The Australian Taxation Office has released its 2012/13 compliance program, with information for individuals and micro enterprises, prompting another warning about sham contracting.
Tax Commissioner Michael D’Ascenzo said in a statement the ATO is “openly setting out focus areas” for the year ahead in order to help people make the right decisions.
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Among other things, the ATO will focus on businesses meeting their superannuation obligations, with a continuation of compliance activities focused on high-risk industry groups.
“We will be scrutinising cafés and restaurants, real estate businesses, and carpentry businesses in home building or construction,” D’Ascenzo said.
Here’s a snapshot of the 2012/13 program:
The ATO will focus on incorrect or fraudulent refunds for both over-claims and deliberate fraud.
It will continue a focus on occupations that have shown a pattern of relatively high levels of claims. This year, it will review work-related expenses for IT managers and plumbers.
It will continue to investigate high-income earners involved in tax avoidance schemes, with a particular focus on widely-marketed financial products that promise substantial tax benefits.
Finally, it will use third-party data to detect omitted income from dividends and interest, capital gains, and foreign source income.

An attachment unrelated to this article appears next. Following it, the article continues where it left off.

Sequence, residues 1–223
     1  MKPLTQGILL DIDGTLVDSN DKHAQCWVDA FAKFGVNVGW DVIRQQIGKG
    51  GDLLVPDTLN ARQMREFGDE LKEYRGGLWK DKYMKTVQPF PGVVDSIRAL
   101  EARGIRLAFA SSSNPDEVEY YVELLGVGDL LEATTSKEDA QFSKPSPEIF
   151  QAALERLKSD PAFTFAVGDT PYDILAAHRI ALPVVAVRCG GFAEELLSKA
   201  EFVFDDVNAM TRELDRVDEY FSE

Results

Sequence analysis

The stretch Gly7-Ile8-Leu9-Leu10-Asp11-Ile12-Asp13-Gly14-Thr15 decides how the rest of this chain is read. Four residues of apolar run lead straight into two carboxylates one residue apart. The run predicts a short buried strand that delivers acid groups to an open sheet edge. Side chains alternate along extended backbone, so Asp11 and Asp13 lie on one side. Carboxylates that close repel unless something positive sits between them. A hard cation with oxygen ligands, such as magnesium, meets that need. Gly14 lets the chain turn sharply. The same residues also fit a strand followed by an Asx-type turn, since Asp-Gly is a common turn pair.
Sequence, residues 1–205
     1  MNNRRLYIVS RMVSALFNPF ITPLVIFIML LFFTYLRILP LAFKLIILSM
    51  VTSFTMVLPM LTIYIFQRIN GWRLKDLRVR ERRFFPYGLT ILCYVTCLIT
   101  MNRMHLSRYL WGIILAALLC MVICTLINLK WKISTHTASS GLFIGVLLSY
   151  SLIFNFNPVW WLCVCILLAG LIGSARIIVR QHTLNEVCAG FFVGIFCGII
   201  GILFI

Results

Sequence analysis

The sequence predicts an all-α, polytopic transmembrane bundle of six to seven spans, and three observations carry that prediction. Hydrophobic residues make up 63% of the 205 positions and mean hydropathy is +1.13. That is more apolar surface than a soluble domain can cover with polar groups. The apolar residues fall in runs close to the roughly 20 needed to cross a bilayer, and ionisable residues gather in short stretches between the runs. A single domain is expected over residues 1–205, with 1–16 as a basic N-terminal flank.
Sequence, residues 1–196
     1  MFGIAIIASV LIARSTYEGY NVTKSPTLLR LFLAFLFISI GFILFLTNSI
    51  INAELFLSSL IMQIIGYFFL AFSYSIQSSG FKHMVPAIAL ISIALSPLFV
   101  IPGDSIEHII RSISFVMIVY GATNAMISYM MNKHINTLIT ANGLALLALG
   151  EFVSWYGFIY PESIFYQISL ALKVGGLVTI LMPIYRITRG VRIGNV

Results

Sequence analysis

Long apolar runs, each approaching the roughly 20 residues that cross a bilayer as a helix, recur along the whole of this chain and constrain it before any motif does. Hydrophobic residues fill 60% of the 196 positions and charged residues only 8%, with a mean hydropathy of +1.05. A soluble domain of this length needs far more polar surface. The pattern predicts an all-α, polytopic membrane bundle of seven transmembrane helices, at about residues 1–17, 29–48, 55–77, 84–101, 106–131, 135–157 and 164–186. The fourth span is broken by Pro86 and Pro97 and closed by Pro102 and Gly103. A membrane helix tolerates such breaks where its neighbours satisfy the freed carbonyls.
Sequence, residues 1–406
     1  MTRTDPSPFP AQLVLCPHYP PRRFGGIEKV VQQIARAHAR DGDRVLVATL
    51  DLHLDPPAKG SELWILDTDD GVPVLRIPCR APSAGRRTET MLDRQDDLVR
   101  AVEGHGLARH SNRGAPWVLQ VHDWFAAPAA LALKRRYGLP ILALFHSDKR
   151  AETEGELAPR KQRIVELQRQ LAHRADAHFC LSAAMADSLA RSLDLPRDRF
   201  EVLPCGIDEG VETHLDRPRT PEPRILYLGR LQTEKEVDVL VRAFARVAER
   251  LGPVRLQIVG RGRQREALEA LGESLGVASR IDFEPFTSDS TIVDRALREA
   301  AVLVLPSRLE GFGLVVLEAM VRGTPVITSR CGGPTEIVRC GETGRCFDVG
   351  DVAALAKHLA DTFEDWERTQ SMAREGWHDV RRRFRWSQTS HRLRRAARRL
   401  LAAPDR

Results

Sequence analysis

In 2011-12, micro enterprises accounted for 10% of total collections, with around $2.6 billion collected as part of the ATO’s compliance activities.
The ATO conducted 1,100 reviews and audits to ensure employers weren’t avoiding their obligations by requiring their employees to have an ABN.
It contacted 95,000 micro enterprises through its cash economy compliance activities, raising $150 million. Overall, collectable debt was $10.1 billion.
This year, the ATO will conduct reviews into the plastering and cafe industries, with a focus on unrecorded and unreported cash transactions.
Ensuring businesses are correctly registered in the tax and superannuation systems will be a focus, the ATO says. Around 35,000 GST registration application reviews will be conducted alongside 500 enterprise reviews.
According to the ATO, there will also be a further crackdown on sham entities.
In light of this announcement, commercial law firm TressCox Lawyers has issued a stern warning to business owners with regard to sham contracting.
“There is certainly a heightened focus on enforcing sham contracting provisions, so it’s imperative employers take heed of the warnings,” TressCox partner Nick Duggal says.
“Businesses need to be more aware of the distinction between contractors and permanent employees because the ATO is specifically targeting this area.”
“To be regarded as a contract worker under the [Fair Work] Act, the employer cannot have control over the manner in which the contractor undertakes tasks on a day-to-day basis.”
“Secondly, if a full-time employee provides services that would allow them to be in business for themselves, then they are more likely to be considered a contractor, not an employee.”
Duggal says employers should:
- Undertake a review of their contracting arrangements to ensure they are properly categorised.
- Seek advice or become familiar with the legal tests for determining whether a worker is an employee or an independent contractor.
- Train managers involved in recruitment to identify a true contracting arrangement and understand the operation of the sham contracting provisions of the Fair Work Act.